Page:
The NHL trade deadline came and went Monday, but the real action was mostly reserved for the days leading up to the deadline.
The Claude Giroux blockbuster over the weekend probably involved the biggest name moved at any point in the trade season. The Bruins’ move to acquire Hampus Lindholm, one that should benefit them now and beyond 2022, also went down on the weekend.
Ultimately, Monday lacked the top-end star power, with teams like Arizona and Vancouver largely standing pat. There were a lot of moves made — at one point 33 trades were in the league’s queue — but there was no real major blockbuster, unless you want to include the Marc-Andre Fleury trade (and sorry, Andrew Copp).
Here’s a quick, way-too-early and far-too-shortsighted look at NHL trade deadline winners and losers.
Pittsburgh Penguins: The Pens stayed pretty quiet in the days and hours leading up to the deadline before a relatively stealthy move to acquire Rickard Rakell from the Anaheim Ducks. Rakell is having a bit of a career year, but there’s no reason to believe his productivity will drop. In fact, he should get even better playing alongside Sidney Crosby or Evgeni Malkin. Putting him next to Crosby should be especially tantalizing for Mike Sullivan, as Crosby’s superb playmaking should put Rakell in a position where he can continue to finish at the net.
Florida Panthers: Landing Giroux solidifies the Panthers’ standing as a Stanley Cup favorite. Giroux still has some playmaking capabilities, but just as important is the playoff experience and leadership he brings to a relatively young team. Reeling in that fish sends a clear message to the dressing room that the Panthers believe they can win this year, and the price was pretty good, too.
Minnesota Wild: Bill Guerin is going for it. The Wild made a splash by swooping in and acquiring Stanley Cup-winning goalie Marc Andre-Fluery from Chicago. They followed that up with an intriguing depth move, swinging a deal for hard-nosed defenseman Jacob Middleton from the San Jose Sharks. No current Western Conference team has allowed more goals than the Wild, so these two moves should certainly help in that regard.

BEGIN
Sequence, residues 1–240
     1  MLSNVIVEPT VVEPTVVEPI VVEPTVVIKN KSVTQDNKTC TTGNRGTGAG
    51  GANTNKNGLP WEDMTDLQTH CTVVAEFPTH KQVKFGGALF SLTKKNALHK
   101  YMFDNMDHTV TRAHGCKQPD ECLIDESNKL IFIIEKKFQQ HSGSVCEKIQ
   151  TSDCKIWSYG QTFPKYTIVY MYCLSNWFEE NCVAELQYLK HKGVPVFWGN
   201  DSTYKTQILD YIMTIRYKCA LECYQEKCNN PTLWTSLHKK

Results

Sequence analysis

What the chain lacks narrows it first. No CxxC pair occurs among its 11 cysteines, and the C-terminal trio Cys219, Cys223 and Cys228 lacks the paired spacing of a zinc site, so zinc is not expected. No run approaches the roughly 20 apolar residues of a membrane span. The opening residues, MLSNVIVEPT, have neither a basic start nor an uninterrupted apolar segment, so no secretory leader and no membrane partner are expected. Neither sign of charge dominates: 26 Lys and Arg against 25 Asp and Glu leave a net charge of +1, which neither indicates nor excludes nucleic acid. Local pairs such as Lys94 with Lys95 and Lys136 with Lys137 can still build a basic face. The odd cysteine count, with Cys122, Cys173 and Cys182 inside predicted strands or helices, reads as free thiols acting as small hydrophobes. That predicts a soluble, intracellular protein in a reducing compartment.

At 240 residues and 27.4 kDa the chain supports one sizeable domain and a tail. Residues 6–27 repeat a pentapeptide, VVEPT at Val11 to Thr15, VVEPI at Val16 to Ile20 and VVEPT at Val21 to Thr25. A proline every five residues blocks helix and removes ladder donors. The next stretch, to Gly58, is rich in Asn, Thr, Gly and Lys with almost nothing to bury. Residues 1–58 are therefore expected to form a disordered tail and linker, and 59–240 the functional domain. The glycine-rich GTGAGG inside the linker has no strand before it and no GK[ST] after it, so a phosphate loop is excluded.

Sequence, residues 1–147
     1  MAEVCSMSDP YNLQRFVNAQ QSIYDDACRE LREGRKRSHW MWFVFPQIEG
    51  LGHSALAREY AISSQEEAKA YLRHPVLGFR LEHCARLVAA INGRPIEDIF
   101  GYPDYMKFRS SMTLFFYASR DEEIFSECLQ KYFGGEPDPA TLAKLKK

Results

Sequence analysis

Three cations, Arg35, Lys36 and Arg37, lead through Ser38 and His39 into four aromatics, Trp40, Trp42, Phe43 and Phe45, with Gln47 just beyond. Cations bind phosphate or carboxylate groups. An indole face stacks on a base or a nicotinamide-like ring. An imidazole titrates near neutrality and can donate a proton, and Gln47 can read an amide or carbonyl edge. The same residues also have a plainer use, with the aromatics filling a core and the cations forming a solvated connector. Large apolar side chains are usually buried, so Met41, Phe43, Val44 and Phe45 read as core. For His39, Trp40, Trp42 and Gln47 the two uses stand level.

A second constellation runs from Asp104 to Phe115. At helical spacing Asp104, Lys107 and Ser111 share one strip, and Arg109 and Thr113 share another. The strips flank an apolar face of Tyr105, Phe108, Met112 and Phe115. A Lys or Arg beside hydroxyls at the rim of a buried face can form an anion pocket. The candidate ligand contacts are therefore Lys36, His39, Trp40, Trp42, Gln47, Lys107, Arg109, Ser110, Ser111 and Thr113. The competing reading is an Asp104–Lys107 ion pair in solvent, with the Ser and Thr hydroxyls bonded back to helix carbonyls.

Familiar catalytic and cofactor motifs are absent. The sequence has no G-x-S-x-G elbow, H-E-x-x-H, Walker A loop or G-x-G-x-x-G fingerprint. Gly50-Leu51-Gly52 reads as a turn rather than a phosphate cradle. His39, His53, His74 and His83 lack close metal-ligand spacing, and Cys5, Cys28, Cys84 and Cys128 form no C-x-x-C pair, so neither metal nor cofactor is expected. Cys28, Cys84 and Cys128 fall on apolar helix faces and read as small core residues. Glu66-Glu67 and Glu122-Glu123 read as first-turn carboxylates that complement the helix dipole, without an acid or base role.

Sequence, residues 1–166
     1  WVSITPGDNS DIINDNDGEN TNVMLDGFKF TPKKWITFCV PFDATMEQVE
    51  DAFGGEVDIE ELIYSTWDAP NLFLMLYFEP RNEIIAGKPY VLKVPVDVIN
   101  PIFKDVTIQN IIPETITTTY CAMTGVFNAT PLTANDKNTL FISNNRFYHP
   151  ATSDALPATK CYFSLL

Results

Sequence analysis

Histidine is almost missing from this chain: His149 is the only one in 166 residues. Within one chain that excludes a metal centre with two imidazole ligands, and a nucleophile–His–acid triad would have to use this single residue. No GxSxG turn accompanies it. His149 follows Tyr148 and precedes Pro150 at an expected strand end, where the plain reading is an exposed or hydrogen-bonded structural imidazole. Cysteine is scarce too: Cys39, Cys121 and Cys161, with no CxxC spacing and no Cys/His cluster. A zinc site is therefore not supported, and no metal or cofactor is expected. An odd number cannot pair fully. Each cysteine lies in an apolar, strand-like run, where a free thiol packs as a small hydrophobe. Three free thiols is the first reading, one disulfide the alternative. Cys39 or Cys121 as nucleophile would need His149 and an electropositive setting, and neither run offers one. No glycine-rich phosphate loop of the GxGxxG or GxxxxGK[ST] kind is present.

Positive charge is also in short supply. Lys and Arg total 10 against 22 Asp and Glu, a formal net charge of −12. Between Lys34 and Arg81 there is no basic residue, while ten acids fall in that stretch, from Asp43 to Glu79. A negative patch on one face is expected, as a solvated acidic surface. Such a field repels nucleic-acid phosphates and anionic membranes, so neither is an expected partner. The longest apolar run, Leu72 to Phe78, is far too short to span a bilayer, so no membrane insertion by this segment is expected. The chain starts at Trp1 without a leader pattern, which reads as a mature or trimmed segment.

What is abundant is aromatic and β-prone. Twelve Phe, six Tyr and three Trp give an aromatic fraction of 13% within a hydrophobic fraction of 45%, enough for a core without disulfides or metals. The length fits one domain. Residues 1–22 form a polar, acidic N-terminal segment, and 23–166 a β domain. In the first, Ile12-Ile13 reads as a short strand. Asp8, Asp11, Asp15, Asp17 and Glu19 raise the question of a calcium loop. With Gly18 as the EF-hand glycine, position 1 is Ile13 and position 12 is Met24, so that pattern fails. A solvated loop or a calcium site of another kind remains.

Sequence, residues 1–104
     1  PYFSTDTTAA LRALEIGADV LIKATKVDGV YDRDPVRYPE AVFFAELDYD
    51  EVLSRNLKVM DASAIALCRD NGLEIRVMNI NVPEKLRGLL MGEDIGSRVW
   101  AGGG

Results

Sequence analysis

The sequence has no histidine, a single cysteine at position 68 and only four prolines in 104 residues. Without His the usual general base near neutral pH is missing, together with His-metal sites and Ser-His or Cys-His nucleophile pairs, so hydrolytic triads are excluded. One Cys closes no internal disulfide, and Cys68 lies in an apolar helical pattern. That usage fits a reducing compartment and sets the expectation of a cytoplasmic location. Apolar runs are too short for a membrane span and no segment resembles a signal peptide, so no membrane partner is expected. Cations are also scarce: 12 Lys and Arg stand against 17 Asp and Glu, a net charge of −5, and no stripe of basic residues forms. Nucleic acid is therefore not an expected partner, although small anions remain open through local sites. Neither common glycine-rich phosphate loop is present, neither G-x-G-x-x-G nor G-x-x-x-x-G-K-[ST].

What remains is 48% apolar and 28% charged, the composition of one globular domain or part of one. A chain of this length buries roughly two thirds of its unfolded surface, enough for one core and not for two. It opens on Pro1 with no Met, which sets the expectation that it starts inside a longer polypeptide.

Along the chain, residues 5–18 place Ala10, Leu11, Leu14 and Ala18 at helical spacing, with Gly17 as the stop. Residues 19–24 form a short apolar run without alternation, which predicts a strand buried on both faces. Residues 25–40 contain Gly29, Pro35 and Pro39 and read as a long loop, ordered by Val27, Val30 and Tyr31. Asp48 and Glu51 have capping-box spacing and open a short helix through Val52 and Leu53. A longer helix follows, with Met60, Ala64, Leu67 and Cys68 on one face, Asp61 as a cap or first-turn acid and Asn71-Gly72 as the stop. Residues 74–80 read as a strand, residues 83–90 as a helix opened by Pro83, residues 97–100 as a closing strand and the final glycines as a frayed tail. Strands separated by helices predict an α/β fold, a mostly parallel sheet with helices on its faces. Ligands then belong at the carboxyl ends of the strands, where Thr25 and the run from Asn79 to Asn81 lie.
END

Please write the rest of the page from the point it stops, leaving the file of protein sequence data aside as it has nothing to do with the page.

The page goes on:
Montreal Canadiens: The Canadiens are very bad. Nothing they were gonna do Monday could change that. However, Jeff Gorton and Kent Hughes did all they could in their first deadline calling the shots in Montreal. The best move might have been maximizing the return for Artturi Lehkonen, getting defense prospect Justin Barron and a 2024 second-round pick back from Colorado. Barron was the No. 25 pick in the 2020 draft and was the Avs’ No. 3 prospect, in a recent ranking from The Athletic’s Scott Wheeler.
Detroit Red Wings: Steve Yzerman continues to rebuild the franchise for which he became a legend. Detroit didn’t do a ton, but it did well to turn Nick Leddy and Luke Witkowski into two NHLers (Jake Walman, Oskar Sundqvist and a 2023 second-round pick). It’s not earth-shattering or anything, but it’s another positive step forward.
Vancouver Canucks: They didn’t do much, but holding onto their best assets — most of which still have term left — was the right play. Might as well stay the course and see if you can get hot and go on a run. If not, there’s always the offseason.
New York Islanders: On one hand, you could look at this roster and think it’s still good enough to compete. It’s been an especially unique season for the Isles, and next year will be better, so maybe it’s fine. On the other hand, though, New York had a handful of veteran unrestricted free agents it could have turned into assets. Instead, the Isles inked 34-year-old Cal Clutterbuck and 37-year-old Zach Parise to contract exensions and held on to 45-year-old Zdeno Chara.
Arizona Coyotes: Holding a Jakob Chychrun trade until the offseason makes sense, but what good does it do the Coyotes to keep someone like Phil Kessel? It doesn’t sound like he’d be standing in the way of a deal, either.
Jake DeBrusk: Can one really be labeled a “loser” on the day they sign a two-year contract extension worth $8 million? Especially if they continue to play for a playoff team? It’s not the end of the world for DeBrusk — far from it — but he did want to be traded but will instead stick with the Bruins. Here’s the thing, though: Both the player and franchise can benefit from a strong stretch run and into the playoffs, which is where DeBrusk has shined in the past.
Edmonton Oilers: It was a pretty underwhelming day for the Oilers, who might not even be good enough to go on a deep run anyway. Goaltending is a major issue, and Edmonton could have used an upgrade there which didn’t happen.
Philadelphia Flyers: Does Philly feel any better about the future of the franchise after Monday? The Flyers obviously did their biggest work during the weekend in the Giroux trade. Having to wait until 2024 to get a first-rounder for their franchise legend is a tough pill to swallow and likely speaks to how long the rebuild might be. That all this comes on the heels of head-scratching Rasmus Ristolainen extension only makes it worse for Philly. At least they didn’t trade Travis Sanheim, which apparently was on the table.